Windows log locations#

When running QuestDB as Windows service you can check status in both:

  • Windows Event Viewer: Look for events with "QuestDB" source in Windows Logs | Application
  • The service log file: $dataDir\log\service-%Y-%m-%dT%H-%M-%S.txt
    • Default: C:\Windows\System32\qdbroot\log\service-%Y-%m-%dT%H-%M-%S.txt


QuestDB exposes a /metrics endpoint on port 9003 for internal system metrics in the Prometheus format. To use this functionality and get started with an example configuration, enable it in within your server.conf:

metrics.enabledfalseEnable or disable metrics endpoint.

For an example on how to setup Prometheus, see the QuestDB and Prometheus documentation.

Prometheus Alertmanager#

QuestDB includes a log writer that sends any message logged at critical level (logger.critical("may-day")) to Prometheus Alertmanager over a TCP/IP socket. To configure this writer, add it to the writers config alongside other log writers:

# Which writers to enable
# stdout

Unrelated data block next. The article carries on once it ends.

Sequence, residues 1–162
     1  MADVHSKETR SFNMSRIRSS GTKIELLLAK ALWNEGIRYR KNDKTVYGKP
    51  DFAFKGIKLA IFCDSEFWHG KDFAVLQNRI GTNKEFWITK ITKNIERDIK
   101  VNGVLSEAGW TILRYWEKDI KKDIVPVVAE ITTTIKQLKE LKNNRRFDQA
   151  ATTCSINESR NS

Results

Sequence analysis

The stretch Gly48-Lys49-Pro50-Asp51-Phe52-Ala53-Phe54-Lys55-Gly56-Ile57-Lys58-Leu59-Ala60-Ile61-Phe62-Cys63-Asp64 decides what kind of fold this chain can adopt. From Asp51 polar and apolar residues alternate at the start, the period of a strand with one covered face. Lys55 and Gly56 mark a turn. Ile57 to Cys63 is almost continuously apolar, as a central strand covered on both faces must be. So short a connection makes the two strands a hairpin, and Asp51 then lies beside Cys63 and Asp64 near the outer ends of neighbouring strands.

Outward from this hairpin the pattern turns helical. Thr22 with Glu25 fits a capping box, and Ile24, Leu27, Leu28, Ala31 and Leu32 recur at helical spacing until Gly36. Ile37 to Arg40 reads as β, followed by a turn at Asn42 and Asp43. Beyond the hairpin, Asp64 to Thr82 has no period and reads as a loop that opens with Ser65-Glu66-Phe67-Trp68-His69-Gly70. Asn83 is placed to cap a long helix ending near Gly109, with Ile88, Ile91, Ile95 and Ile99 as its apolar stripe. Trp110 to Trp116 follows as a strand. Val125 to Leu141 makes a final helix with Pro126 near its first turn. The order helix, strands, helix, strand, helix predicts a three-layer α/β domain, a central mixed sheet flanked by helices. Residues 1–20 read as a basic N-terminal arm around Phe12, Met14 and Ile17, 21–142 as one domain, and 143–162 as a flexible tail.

# Prometheus Alerting
# The `inBufferSize` and `outBufferSize` properties are the size in bytes for the
# socket write buffers.
# Delay in milliseconds between two consecutive attempts to alert when
# there is only one target configured

Of all properties, only w.alert.class and w.alert.level are required, the rest assume default values as stated above (except for w.alert.alertTargets which is empty by default).

Alert targets are specified using w.alert.alertTargets as a comma-separated list of up to 12 host:port TCP/IP addresses. Specifying a port is optional and defaults to the value of defaultAlertHost. One of these alert managers is picked at random when QuestDB starts, and a connection is created.